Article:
Yes, yes, of course the full speech for the most part is nothing like the bits everyone has quoted, being mediaspeak incomprehensible to anyone else. And it's easy to be cynical about the positive citations of "the best of the old Britain" and Lord Reith, Dennis Potter and Alan Bennett, easy to say that she's only saying that now the Olympics have put "Old Britain vs New Britain" if not to bed then at least taken it up the stairs, now it's safe, now some of the old battles and hatreds by which her father thrived don't feel quite so raw. And yes it is blindingly obvious and realised by some of us long before it would have occurred to her that, once they had won all their battles and usurped the old paternalistic order in every part of British society, The Sun lacked the absolute purpose it had, rightly or wrongly, had from (say) 75-87 and Sky likewise lacked the purpose it had from (say) 89-95; because they weren't really for anything to anything like the extent they were against the older elites, they had nowhere left to go after their triumphs, and were simply the embodiment of a much greater problem that the new capitalism, defined by its piratical rebellion, reached once the Keynesians and the Reithians were the ones locked outside the party - a problem of self-definition which could only have ended in the crash (and is also shared by almost all the babyboomers Murdoch got rich by targeting in their young adulthood when nobody else dared). But even though it isn't a (counter-)(counter-)revolution, it is the closest we've got so far to the "Suez moment" that suddenly became possible in July 2011.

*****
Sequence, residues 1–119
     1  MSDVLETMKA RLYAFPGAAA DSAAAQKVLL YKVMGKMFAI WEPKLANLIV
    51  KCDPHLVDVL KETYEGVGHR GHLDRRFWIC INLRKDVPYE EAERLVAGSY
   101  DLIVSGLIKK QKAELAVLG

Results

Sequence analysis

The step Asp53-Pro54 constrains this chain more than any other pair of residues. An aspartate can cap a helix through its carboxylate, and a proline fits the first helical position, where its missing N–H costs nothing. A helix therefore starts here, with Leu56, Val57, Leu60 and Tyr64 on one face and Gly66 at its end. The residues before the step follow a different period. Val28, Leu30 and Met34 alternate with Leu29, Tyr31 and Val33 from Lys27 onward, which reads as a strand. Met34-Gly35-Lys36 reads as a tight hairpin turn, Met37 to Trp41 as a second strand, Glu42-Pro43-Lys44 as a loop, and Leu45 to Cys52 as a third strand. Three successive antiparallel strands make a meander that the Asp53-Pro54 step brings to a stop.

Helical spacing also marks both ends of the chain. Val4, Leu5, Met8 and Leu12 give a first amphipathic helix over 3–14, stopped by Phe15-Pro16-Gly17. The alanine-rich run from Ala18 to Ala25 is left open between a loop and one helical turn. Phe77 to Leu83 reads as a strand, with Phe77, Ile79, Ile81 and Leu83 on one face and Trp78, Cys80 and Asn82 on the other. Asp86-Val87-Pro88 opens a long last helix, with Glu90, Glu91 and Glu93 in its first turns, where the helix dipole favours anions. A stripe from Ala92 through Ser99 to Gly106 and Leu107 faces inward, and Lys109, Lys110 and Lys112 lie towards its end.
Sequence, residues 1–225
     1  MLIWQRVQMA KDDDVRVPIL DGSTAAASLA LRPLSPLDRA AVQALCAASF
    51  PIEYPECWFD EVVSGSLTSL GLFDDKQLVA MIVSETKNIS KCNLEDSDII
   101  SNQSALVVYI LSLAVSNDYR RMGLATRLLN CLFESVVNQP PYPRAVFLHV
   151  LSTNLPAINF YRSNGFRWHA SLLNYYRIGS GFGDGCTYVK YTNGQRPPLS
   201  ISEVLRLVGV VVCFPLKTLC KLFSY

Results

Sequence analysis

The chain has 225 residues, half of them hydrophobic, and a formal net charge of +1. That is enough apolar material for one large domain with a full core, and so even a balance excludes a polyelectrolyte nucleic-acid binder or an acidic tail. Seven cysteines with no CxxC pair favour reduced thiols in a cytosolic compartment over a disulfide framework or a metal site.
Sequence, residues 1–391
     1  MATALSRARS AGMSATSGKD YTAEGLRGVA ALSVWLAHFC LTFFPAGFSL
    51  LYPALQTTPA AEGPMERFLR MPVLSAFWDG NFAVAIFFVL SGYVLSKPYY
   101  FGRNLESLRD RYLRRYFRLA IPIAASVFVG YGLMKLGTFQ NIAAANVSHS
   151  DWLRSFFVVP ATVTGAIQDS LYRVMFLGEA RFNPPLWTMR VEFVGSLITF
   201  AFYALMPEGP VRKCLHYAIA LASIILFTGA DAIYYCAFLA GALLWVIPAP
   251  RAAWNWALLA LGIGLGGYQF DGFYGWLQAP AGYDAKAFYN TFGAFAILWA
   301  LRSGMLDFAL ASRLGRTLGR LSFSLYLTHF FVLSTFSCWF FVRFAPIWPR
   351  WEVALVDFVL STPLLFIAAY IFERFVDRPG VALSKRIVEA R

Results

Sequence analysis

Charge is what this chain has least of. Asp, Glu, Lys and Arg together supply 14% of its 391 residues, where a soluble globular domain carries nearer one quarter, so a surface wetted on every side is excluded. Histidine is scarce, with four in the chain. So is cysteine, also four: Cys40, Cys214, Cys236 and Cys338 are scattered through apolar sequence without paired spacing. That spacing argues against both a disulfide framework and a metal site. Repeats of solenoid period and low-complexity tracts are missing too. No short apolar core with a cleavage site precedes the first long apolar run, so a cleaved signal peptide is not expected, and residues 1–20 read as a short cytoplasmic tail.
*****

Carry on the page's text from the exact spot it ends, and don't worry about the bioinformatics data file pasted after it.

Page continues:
Consider that Murdochism was, at heart, the radical Right claiming for its own purposes a set of anti-establishment ideas on democratisation and opening up of the media which had originated on the radical Left of the 1960s and 1970s (search any New Society from that era and you'll find similar language on media reform to the sections of the 1989 speech she now selectively quotes, without the naked-capitalist bits she leaves out). Consider that much criticism of it from the Left, however well-meant, has appeared barely distinguishable from Tory paternalism in its attitude to working-class tastes, and has thus merely worked towards Murdoch's grand plan; to split and divide the Left by rendering it the true voice of fogeyism, inherently resistant to every aspect of the modern world, simply a stooge for the stuffy old buffers it once raged against. Through accepting the legacy of the people her family has for so long caricatured, as though the only Britain that existed before '69 or '89 was the stuffiest, most class-ridden 10% (the idea that Potter and Bennett were indistinguishable from some fire-breathing shire colonel was the single greatest myth The Sun and Sky alike had to create to get where they got), Elisabeth Murdoch, probably without even knowing it, has opened the door for the Left - however reformist, however cautious - to reclaim ideas on organisation of the media and society which it originated and developed in the first place. That has to be some kind of important moment, however compromised and shrouded.